On 27 May 1784, Wolfgang Amadeus Mozart bought a pet starling bird at a Viennese pet shop.
Normally historians and musicologists don’t pay much attention to composers’ pets, but this starling wasn’t your average pet. Because when Mozart recorded the thirty-four kreutzer expense in his diary, he also transcribed a melody purportedly sung by his new bird. He included two versions: one that the bird sang (which included an out-of-place G-sharp), and another that was “cleaned up” for insertion into a piece of concert music.
Eagle-eyed (or -eared!) listeners will immediately recognize this as the theme of the finale to Mozart’s seventeenth piano concerto, K453.
Bernstein – Mozart: Piano Concerto No. 17
Believe it or not, this pet store purchase actually raises some serious musicological questions. Mozart wrote on the score that he completed the work April 12, and he wrote in his expense diary that he bought the concerto-singing bird on May 27. The earliest public performance of the concerto (that we know of, anyway) was by a Mozart student on June 13.
So what came first: the concerto or the birdsong? Historians have offered a number of potential explanations. Perhaps the concerto was actually premiered in late April, when Mozart gave a concert at the prestigious Kärntnertortheater, and the shopkeeper or another customer then taught the theme to the bird. (To a certain extent, starlings can reproduce melodies that they hear.) Maybe Mozart himself hummed and whistled at the bird during the piece’s composition, teaching it the theme for a period of time before he actually bought it. Or maybe Mozart had visited the bird earlier in the spring, been inspired by its song, wrote the concerto, and later came back to buy it. As of today, there is no universal consensus among scholars.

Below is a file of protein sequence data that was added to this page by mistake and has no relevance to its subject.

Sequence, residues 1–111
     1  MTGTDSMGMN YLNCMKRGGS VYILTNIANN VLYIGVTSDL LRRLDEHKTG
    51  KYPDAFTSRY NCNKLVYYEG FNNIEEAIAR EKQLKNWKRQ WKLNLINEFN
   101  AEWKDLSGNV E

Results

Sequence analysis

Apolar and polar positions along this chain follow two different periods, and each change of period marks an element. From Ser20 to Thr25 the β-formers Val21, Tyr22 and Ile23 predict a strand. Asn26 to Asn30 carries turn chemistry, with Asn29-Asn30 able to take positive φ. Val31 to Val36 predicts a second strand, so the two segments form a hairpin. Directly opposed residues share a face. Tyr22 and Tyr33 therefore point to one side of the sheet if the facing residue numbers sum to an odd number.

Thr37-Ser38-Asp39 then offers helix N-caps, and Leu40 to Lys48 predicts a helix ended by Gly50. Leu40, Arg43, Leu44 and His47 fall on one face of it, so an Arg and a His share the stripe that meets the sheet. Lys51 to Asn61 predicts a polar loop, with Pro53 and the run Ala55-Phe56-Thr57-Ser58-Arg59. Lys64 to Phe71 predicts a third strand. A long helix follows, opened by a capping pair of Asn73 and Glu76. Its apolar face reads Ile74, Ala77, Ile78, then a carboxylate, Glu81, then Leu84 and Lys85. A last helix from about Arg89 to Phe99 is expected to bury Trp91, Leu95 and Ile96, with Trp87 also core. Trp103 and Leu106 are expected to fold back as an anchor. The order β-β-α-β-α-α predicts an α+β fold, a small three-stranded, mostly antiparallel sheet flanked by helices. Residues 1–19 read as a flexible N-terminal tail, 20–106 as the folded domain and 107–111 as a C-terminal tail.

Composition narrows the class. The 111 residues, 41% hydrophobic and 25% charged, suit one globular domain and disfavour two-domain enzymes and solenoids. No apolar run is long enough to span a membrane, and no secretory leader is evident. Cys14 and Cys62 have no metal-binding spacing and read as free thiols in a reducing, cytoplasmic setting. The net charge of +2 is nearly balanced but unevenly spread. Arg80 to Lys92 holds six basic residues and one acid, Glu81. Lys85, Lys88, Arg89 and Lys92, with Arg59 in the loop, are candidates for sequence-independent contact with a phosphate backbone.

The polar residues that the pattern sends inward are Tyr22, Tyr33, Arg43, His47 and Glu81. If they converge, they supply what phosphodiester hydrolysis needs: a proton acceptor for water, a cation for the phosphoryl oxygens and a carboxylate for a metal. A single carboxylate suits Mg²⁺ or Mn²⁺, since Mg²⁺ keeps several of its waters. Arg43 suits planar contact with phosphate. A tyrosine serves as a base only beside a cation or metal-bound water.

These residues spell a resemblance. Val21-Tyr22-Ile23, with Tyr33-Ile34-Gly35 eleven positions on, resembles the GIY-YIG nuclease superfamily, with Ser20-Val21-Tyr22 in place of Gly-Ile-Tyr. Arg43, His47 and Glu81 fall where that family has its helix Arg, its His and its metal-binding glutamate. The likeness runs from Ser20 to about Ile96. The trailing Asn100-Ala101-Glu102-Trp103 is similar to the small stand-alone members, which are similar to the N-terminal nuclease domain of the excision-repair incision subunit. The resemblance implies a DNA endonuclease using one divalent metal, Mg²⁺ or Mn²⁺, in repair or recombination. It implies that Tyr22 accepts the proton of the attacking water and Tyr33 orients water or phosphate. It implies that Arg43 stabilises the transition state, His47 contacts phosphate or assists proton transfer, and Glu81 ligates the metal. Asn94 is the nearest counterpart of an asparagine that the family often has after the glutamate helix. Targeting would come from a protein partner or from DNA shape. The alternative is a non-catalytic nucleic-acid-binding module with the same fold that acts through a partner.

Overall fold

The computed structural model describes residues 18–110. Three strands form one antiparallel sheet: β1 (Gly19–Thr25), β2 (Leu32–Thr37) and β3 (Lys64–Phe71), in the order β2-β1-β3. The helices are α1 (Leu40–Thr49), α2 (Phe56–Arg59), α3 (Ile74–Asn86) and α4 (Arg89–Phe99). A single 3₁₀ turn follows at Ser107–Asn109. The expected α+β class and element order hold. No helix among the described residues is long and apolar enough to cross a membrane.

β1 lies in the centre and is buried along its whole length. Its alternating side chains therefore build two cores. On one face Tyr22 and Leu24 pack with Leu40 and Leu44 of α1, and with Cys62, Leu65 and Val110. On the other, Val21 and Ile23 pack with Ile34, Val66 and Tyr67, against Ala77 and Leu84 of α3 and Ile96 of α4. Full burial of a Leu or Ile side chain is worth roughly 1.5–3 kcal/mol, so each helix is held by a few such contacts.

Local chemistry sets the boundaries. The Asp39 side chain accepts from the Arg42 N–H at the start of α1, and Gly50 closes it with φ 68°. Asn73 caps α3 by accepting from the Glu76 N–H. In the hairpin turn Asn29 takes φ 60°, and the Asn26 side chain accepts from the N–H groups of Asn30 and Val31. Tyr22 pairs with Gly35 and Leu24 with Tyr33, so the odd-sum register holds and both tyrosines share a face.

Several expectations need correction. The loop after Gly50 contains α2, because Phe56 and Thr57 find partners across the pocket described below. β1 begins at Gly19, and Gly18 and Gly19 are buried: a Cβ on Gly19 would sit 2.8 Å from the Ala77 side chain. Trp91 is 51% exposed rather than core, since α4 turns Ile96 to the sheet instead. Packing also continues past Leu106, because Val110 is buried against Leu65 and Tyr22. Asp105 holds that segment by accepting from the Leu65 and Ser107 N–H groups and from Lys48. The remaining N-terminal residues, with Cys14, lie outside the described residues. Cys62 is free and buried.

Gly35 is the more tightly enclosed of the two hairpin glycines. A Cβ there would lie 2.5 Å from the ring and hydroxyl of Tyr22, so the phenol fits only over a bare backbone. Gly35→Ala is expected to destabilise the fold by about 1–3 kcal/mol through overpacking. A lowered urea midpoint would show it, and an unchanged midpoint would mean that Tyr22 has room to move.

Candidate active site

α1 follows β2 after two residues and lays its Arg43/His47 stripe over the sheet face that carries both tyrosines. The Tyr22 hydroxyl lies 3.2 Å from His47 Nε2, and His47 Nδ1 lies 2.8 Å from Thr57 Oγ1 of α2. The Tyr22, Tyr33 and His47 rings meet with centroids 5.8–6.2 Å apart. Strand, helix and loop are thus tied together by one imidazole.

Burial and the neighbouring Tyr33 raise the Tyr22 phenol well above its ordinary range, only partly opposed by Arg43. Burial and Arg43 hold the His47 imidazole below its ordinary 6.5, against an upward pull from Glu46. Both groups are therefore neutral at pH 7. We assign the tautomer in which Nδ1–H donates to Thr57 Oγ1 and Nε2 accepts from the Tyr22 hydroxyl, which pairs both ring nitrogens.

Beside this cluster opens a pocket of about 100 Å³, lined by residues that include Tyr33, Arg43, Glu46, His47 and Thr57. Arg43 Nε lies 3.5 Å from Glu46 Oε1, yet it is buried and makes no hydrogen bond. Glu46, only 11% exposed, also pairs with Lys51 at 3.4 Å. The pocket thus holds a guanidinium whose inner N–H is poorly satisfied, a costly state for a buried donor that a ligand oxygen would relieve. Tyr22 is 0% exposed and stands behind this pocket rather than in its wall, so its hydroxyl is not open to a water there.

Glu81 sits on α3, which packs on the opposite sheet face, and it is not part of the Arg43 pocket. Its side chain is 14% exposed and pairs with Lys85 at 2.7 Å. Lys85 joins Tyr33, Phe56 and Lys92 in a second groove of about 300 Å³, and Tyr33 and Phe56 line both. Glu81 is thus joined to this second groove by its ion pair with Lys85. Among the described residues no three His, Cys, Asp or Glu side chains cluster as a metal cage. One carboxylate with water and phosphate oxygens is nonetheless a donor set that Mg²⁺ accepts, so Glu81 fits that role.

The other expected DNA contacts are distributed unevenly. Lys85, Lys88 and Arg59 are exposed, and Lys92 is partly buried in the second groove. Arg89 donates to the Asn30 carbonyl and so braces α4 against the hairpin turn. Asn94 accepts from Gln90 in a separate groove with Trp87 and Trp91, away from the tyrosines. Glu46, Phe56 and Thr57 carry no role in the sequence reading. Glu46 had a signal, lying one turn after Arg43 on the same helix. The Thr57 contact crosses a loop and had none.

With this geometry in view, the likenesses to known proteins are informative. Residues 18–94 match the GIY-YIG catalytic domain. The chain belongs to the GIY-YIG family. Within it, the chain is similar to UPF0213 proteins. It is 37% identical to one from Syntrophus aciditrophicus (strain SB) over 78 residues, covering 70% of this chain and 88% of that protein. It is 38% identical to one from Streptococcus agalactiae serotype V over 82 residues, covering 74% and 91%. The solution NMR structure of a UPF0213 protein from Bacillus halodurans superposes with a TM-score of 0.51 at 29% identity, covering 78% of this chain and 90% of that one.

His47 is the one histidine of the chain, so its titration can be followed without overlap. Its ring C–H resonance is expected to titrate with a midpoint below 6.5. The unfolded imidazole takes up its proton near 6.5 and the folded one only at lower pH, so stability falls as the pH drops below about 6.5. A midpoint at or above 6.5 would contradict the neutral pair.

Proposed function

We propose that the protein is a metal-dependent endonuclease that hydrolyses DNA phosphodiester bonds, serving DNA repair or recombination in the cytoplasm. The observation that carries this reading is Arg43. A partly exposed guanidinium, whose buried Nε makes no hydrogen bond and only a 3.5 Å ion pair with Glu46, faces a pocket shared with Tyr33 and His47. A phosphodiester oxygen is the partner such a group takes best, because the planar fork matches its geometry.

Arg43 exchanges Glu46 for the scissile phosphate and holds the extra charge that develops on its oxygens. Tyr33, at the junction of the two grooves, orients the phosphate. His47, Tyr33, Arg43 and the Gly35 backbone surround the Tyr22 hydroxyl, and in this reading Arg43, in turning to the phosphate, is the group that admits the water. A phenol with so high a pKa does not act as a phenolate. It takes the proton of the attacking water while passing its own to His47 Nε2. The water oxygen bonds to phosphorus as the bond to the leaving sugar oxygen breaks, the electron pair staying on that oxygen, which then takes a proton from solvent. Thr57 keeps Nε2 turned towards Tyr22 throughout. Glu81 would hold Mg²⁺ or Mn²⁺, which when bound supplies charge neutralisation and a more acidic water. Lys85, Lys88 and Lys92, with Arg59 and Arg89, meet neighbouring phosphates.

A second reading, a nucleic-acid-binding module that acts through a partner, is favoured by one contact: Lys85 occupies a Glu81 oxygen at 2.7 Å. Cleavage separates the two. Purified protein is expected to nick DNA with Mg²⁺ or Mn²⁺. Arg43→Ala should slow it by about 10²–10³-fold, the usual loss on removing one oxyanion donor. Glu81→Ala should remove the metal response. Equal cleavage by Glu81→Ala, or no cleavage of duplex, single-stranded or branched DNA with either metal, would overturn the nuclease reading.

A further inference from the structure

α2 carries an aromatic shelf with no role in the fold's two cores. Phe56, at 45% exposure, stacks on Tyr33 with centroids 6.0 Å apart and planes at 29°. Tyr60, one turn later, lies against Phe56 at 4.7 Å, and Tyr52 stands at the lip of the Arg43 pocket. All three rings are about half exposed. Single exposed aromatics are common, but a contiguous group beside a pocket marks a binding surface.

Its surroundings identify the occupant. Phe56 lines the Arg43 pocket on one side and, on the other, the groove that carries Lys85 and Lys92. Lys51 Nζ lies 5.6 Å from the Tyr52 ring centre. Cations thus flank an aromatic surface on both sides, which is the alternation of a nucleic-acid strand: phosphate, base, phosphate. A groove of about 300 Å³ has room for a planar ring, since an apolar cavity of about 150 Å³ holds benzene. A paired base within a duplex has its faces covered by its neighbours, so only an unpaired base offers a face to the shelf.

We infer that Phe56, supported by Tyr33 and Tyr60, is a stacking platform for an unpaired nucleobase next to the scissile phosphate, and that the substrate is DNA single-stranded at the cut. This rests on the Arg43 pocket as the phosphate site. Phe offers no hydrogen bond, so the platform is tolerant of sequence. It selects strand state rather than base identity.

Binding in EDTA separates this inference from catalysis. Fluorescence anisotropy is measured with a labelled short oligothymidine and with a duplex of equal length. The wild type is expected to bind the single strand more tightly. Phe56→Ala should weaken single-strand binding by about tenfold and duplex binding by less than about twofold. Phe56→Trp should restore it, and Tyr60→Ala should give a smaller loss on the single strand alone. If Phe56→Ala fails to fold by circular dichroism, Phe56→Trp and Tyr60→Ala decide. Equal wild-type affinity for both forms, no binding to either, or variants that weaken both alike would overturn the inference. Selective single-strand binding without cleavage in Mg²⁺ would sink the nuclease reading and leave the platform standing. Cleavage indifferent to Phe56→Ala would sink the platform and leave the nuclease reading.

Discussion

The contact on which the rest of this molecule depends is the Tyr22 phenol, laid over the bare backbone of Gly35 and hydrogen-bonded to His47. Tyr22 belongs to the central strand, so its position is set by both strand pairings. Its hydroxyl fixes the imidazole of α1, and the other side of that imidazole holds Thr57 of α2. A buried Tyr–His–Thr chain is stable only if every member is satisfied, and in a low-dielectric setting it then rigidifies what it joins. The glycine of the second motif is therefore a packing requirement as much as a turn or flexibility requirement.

It seems likely that Mozart enjoyed life with his new starling. Despite their modern reputation as invasive pests, starlings are sociable creatures, as well as clever and hardy. Their numbers prove it: a mere 200 released in New York’s Central Park in the 1890s eventually turned into 200 million by the 1980s. It’s easy to imagine the great composer bonding with such a persistent, vivacious, musical pet.
Tragedy struck Mozart’s life three years later. On 28 May 1787, after an illness that had lasted for several months, Wolfgang’s father Leopold died. Their relationship had always been fraught, but Wolfgang was still deeply saddened by his father’s passing. He wrote to a friend, “You can imagine the state I am in.”
Then, a week later his pet starling died. Due to distance, Mozart had been unable to attend his father’s funeral. Perhaps in compensation, he planned an elaborate ceremony for his dead pet. Veiled mourners sang hymns, and Mozart himself recited a poem he wrote. It begins: “A little fool lies here / Whom I held dear – / A starling in the prime / Of his brief time.”
Scholars are divided as to what exactly the starling actually meant to Mozart. Unfortunately, much of Mozart’s correspondence from this era has been lost, so we’re left to guess. Was the bird funeral meant as a genuinely heartfelt tribute to a beloved companion and pet? Was Mozart re-directing feelings he had about his father’s death onto his bird? Or was the whole funeral ritual merely a sarcastic “serio-comic” observance?
Mozart’s next project might offer us a clue. After his father and the starling’s deaths, the first composition that Mozart finished was A Musical Joke, K522. Many elements of this divertimento for two horns and string quartet are odd, including its strange harmonies and clumsy orchestration. Some historians believe that Mozart was parodying poor composers, but one credible theory is that he was actually paying tribute to the “illogical” awkwardness of starling song!
Mozart: A Musical Joke K522
You can read more about Mozart and his starling in American Scientist’s March-April 1990 issue, available here.
In addition, a book was recently released by naturalist and author Lyanda Lynn Haupt called Mozart’s Starling. She actually adopted a starling of her own in an attempt to understand Mozart’s relationship with his!
MOZART’S STARLING by Lyanda Lynn Haupt